Peach State Health Plan in Atlanta, Georgia, is a statewide Medicaid managed care organization that delivers a customized asthma program for teenagers. The Plan is part of the Centene Corporation, an integrated health enterprise that delivers Medicaid services in 19 states. Peach State Health Plan has a targeted asthma improvement program focused on their teen members with asthma because almost 20 percent of teens in the Plan have an asthma diagnosis (13,159 members with asthma out of 66,138 members ages 13–19.) Peach State's innovative program has successfully engaged teens with asthma—a notoriously hard group to engage—and has demonstrated success in improving teens' ability to understand their asthma, improve their asthma, and address the environmental and social factors that can make asthma worse.
Peach State's Asthma Team seeks to reduce teens' asthma healthcare utilization, improve their asthma status (i.e., functional severity), ensure appropriate medication regimens per NIH EPR-3 Asthma Program Guidelines and promote self-management. They pursue these goals by facilitating relationships between teens, caregivers, primary care physicians and medical homes, providing access to specialists, delivering tailored education and addressing social issues, such as environmental exposures at home and school.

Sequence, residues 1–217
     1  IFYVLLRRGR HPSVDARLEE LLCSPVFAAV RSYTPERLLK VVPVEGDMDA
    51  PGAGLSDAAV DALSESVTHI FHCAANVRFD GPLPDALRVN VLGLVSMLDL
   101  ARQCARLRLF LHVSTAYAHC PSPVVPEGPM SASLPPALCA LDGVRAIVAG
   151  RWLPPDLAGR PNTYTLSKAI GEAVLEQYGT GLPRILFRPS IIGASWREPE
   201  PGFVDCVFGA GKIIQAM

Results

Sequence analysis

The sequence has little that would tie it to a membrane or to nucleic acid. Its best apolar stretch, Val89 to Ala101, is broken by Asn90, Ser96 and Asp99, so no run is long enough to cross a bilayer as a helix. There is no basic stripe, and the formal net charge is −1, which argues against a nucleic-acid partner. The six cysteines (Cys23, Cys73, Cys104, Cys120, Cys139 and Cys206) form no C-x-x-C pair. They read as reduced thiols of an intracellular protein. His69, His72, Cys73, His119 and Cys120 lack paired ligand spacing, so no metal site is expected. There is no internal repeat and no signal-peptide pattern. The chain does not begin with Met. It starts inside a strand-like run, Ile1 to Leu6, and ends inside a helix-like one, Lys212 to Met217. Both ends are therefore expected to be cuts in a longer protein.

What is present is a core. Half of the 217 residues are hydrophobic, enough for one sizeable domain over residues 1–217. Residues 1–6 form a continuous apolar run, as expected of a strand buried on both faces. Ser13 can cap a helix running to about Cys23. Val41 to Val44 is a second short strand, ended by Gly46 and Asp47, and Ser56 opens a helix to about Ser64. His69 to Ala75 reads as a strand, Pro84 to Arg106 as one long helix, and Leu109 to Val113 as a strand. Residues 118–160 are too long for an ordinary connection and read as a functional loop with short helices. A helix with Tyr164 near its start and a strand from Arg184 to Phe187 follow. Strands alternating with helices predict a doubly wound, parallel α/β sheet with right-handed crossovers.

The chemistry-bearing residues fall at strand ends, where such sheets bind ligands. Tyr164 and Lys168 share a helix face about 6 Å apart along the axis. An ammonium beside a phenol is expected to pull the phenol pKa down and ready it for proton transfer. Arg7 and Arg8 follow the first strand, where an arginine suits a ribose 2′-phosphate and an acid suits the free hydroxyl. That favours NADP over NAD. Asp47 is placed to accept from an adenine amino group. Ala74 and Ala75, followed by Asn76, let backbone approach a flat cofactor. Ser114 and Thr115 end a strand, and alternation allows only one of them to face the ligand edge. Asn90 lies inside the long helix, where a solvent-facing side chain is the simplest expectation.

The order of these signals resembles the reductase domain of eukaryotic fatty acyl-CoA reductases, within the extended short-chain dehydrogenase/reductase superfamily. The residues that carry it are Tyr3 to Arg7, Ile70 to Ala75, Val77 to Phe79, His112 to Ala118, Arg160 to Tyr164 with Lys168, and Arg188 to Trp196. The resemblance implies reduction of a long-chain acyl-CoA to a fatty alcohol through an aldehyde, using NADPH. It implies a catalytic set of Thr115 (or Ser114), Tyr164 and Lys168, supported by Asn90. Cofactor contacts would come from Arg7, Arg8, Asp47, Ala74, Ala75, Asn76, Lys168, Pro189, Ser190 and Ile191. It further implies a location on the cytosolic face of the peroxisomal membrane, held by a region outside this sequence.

The Plan delivers stratified asthma management services, including health coaches and environmental, medical and social interventions in clinic, at home and at school. The Asthma Team includes health plan case managers, medical directors, pharmacists, a disease manager/ health coach and respiratory health coaches, who serve as the primary contact for teens, their families, the care team and partners.